ISSN (Print) - 0012-9976 | ISSN (Online) - 2349-8846
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SURAT RIOTS-II-Images of Violence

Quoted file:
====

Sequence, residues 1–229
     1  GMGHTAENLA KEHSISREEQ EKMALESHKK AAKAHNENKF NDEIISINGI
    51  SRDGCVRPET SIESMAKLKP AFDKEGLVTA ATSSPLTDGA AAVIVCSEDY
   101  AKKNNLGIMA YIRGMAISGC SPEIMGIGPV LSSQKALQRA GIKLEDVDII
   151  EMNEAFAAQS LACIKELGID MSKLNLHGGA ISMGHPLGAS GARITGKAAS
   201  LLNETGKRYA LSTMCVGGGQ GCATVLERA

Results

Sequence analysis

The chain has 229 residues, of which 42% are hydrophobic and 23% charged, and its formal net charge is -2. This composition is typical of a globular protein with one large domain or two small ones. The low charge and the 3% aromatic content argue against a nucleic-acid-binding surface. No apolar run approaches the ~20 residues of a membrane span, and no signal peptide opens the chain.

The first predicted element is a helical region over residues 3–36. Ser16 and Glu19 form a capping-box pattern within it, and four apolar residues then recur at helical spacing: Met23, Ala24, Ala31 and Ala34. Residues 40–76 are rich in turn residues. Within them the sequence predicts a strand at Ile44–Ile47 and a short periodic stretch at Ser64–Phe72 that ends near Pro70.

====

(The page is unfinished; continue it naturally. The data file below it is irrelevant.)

elements were nabbed in Surat on December 6 under PASA and TADA. Bootlegging and the spread of underground activities and the parallel economy had made the city a haven for the police. When P K Datta took over as Police Com- missioner in October 1992, he came down heavily on bootlegging and other illegal activities. 'Hafta' dried up. The police force became sullen. Builders became unhappy with an administration trying to enforce rules and regulations. The stage was set for Datta's transfer from Surat.4 The December 6 developments in Ayodhya came in handy for the vested interests to try to break this inconvenient impasse. When the minority over-reacted on the night of the 6th, the majority backlash was predictable as almost a reflex action. In 1991 tempers had run high when the Khetrapal temple had been tampered with by some Muslim hotheads. Thereafter the vituperative speeches of top BJP and VHP leaders in the city had rendered the at nosphcre communally surcharged. The OBCs and the Kanbis, who constitute the mainstream of the lumpens in Udhna, Vaxachha Road and Ved Road, sprang into action, attacking the minority community. Families were burnt alive and women were raped or made to strip with video cameras covering the dastardly acts.5 Surat lost about Rs 500 crore. Its 2,50,000 powerlooms, producing goods worth Rs 25 crore per day, remained closed during the period of curfew. The 4 lakh workers in the powerloom factories lost Rs 2 crore a day in wages. The dyeing houses, the processing units dealing with dyeing, warping and texturising and the textile mills too remained closed Inquiries revealed that about 1,75,000 tickets had been sold at the Surat station and ST bus stand up to December 17.6 Others leaving the city by other routes or for not-too- distant centres on foot were estimated to be about 50,000. This suggests an exodus of about 2 lakh migrant labour

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